What's causing the rash in this young girl's axilla?
Was this girls underarm rash fungal, bacterial, voral or even a chemical burn? Dr Oliver Starr explains his diagnostic process.
This well-behaved young girl attended with her mother and baby brother. Out of nowhere, overnight, she had discovered this sore rash in her left axilla. She swore she had no idea how it had come about, and found it painful to lift her arm above her head. Other than this she was her usual smiley self.
Her history included congential pulmonary stenosis but her most recent echocardiogram showed good function and the only sequela was the need for prophylactic antibiotics prior to dental surgery.
She had been brought in for the usual bout of mild childhood illnesses like sore throats, ear aches and impetigo but was generally healthy.
I knew the mother from other appointments and she was sensible.
My simplistic approach to rashes extends to thinking: is it bacterial/fungal/viral or inflammatory? These weren't crusted over like bacterial folliculitis usually is and it didn't look like any fungal skin conditions I had seen, which tend to be flatter. My hunch was that this was viral and I thought some of the bumps looked vesicular.
• Chemical burn.
• Herpes simplex.
• Varicella zoster (shingles).
Folliculitis doesn't tend to be painful, but is usually itchy. But the lesions didn't have a crusted, bacterial appearance and I would have expected it to take longer to get established.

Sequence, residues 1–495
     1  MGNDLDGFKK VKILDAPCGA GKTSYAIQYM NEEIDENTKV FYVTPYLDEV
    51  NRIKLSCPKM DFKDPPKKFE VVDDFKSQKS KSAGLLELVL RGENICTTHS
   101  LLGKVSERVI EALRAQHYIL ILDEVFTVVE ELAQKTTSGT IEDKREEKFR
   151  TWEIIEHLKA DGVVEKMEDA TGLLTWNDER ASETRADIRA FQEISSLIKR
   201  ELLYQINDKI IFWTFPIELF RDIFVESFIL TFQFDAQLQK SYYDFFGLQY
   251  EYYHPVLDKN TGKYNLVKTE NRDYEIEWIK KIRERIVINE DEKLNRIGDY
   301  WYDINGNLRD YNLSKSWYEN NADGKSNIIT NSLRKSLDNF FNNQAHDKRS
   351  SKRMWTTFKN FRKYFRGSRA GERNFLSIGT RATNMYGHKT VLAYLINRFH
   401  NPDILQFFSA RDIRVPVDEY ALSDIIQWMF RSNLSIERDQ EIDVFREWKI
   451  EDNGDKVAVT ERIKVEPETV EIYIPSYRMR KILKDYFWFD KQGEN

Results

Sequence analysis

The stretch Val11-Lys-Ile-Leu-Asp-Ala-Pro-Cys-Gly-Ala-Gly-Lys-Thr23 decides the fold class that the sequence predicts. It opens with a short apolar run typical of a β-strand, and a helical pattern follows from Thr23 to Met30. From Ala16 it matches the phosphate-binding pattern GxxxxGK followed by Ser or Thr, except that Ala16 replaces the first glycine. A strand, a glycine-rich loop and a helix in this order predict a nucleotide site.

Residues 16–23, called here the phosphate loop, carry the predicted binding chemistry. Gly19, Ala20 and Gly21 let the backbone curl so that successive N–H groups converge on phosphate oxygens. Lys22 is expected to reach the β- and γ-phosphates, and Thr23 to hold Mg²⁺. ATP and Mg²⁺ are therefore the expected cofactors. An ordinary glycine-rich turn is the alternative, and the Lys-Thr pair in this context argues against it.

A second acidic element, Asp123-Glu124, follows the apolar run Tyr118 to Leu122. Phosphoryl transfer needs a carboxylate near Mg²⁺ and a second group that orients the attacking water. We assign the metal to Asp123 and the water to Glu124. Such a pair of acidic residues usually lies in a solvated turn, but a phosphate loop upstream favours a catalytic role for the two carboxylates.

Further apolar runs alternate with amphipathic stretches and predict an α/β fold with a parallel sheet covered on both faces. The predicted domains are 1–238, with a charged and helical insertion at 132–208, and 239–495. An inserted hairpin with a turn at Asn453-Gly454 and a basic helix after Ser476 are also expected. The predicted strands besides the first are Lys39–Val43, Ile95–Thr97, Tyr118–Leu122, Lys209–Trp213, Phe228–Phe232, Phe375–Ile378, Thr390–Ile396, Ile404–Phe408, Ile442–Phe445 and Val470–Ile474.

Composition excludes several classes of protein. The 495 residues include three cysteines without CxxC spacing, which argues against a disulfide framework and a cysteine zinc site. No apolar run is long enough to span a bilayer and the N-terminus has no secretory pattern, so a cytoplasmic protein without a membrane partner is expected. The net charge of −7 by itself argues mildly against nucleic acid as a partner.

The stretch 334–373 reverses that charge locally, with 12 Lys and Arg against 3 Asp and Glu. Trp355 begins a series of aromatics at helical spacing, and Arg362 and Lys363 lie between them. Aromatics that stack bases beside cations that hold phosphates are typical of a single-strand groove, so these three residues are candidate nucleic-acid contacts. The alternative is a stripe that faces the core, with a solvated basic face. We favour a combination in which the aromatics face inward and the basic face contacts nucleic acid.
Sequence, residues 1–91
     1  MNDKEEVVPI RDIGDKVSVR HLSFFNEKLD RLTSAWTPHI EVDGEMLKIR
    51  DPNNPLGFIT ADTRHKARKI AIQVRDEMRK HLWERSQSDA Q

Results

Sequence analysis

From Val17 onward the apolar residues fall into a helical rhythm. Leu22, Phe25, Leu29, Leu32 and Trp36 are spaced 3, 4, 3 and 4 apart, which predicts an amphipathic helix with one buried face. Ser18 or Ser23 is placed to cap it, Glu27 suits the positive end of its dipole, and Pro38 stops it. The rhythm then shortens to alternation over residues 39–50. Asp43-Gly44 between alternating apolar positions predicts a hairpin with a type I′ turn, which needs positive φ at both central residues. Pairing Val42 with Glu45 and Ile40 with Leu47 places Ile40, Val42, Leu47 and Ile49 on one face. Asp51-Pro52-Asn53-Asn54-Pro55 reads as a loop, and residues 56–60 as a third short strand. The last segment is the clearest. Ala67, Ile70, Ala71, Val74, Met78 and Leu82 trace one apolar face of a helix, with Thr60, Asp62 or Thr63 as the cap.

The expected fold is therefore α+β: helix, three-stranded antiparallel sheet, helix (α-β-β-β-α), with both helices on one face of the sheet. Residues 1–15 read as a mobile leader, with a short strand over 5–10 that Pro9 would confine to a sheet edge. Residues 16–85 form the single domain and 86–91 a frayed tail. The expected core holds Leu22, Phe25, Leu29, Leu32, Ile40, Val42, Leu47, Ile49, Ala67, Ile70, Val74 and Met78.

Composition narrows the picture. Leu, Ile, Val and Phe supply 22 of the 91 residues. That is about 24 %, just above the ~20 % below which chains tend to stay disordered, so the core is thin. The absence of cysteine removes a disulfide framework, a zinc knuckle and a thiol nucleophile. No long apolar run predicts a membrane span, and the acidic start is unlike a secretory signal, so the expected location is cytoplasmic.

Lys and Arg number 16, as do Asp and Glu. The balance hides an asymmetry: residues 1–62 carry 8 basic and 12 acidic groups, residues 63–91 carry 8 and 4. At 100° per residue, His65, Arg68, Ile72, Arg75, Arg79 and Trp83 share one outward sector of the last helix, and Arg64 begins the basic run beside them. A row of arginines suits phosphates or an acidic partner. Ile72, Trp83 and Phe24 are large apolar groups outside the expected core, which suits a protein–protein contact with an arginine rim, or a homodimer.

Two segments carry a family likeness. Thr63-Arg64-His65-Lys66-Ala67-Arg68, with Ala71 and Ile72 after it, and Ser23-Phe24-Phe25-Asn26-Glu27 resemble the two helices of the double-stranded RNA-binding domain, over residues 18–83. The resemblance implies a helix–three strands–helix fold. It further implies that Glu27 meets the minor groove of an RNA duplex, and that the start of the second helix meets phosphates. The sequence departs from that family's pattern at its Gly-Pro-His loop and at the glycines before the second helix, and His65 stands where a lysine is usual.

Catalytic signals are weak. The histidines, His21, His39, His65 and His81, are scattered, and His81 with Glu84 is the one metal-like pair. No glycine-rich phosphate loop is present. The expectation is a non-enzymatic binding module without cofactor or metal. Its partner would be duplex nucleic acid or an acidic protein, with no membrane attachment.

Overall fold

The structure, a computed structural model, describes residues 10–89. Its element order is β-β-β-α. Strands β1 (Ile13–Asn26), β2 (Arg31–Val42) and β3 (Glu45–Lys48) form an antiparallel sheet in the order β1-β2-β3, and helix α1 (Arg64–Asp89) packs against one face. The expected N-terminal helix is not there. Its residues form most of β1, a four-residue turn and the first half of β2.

A chemical burn from sneakily using Mum's deodorant was a distinct possibility at her age and, although she denied it, she certainly blushed when I asked her.
Herpes simplex was quite likely and the lesions certainly resembled typical herpes collections that I have seen in textbooks. But I wasn't certain enough to administer antiviral medication, either topical or oral.
Shingles was a differential that was raised when we discussed the photo at our daily practice meeting. But as with the herpes simplex differential, I didn't want to prescribe acyclovir to a 7 year old without good reason, particularly as she was systemically well.
I was reminded of an old medical school adage: don't just do something, stand there. So we left the lesions alone and I booked her in to see me in two days.
Getting on the right track
It all became clear later that week. On her return, further crops of the lesions had appeared in a linear distribution following the T2 dermatome, but not crossing the midline. It fitted exactly with shingles.
When I saw her for a sore throat three weeks later she was entirely well.
Dr Oliver Starr is a sessional GP in Hertfordshire
Rash in axilla Rash in axilla